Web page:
Because of awful experiences, some victims are induced or resort to using destructive substances like drugs and alcohol as coping mechanisms to deal with stressful and traumatic daily life and to numb the pain of their experiences.
When identified and rescued, victims may harbour deep feelings of mistrust towards official bodies because of experiences in the hands of their exploiters. Frequently, victims fear violent retaliation by traffickers against themselves and family members in their countries or states of origin.
The Need for Protection and Assistance
From the above experiences of victims of human trafficking, there is need to restore the trafficked persons to the state of physical, psychological, social, vocational and economic wellbeing through sustainable assistance and protection programmes. It is worthy of note that different victims have different needs, and their needs are to be served without discrimination to age, sex, origin, color, or ability.
The UNTOC Trafficking Protocol requires States Parties to provide victims with ‘(a) Appropriate housing; (b) Counseling and information, in particular as regards their legal rights, in a language that the victims of trafficking in persons can understand; (c) Medical, psychological and material assistance; and (d) Employment, educational and training opportunities’
When protecting and assisting rescued trafficked persons, service providers need to include a wide range of different specialized services, addressing the specific needs of each individual. Also, the human rights of trafficked persons should be at the centre of all efforts.
Below are some categories of services that need to be provided to trafficked persons:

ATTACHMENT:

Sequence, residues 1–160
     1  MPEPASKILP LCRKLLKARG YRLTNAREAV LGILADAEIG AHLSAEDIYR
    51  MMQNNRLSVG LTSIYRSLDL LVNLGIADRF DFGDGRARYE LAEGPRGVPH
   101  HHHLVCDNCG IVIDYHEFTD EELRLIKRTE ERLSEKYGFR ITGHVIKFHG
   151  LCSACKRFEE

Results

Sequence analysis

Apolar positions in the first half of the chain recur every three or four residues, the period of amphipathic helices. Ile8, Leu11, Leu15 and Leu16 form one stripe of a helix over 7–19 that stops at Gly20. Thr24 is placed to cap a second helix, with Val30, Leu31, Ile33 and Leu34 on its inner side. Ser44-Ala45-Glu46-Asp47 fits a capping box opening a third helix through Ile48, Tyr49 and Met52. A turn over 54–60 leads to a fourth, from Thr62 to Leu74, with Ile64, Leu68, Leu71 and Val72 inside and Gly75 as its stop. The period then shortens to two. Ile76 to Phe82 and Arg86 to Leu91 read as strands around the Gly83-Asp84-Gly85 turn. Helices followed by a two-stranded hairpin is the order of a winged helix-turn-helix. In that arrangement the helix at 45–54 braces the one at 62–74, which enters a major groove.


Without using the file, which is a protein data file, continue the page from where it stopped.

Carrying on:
- Crisis Intervention and Counseling
- Emergency Shelter and Referrals
- Urgent Medical Care
- Safety Planning
- Food and Clothing
- Case Management
Economic Empowerment Services
- Job Training/Skill acquisition programme
- Education (Primary, Secondary and/or Tertiary Education)
- Employment Assistance (support with securing employment or becoming self-employed)
- Empowerment of Victim’s family
Health Care Services:
- Treatment of injuries, diseases, etc.
- Medical check-up
- Legal Representation
- Witness Protection
- Immigration Status
- Criminal Case Services
- Civil Case Services
- Family Court Services
Vacatur of Convictions
The Action Against trafficking in Persons and Smuggling of Migrants in Nigeria (A-TIPSOM) began in 2018, through an agreement between the European Union (EU) and the Government of Nigeria, with the objective to reduce the trafficking in persons and smuggling of migrants, at national, regional and international level, and between Nigeria and the European Union, with specific emphasis in women and children, working with main Nigerian agencies, such as NAPTIP, Nigerian Immigration Service, Nigerian Police Force and the representative of the civil society, NACTAL. A-TIPSOM project is tackling human trafficking and smuggling of migrants in Nigeria through the 5Ps which include Prevention, Protection, Policy, Partnership and Prosecution.
Joseph Chidiebere Osuigwe,
Communication and Awareness Raising Officer(Consultant),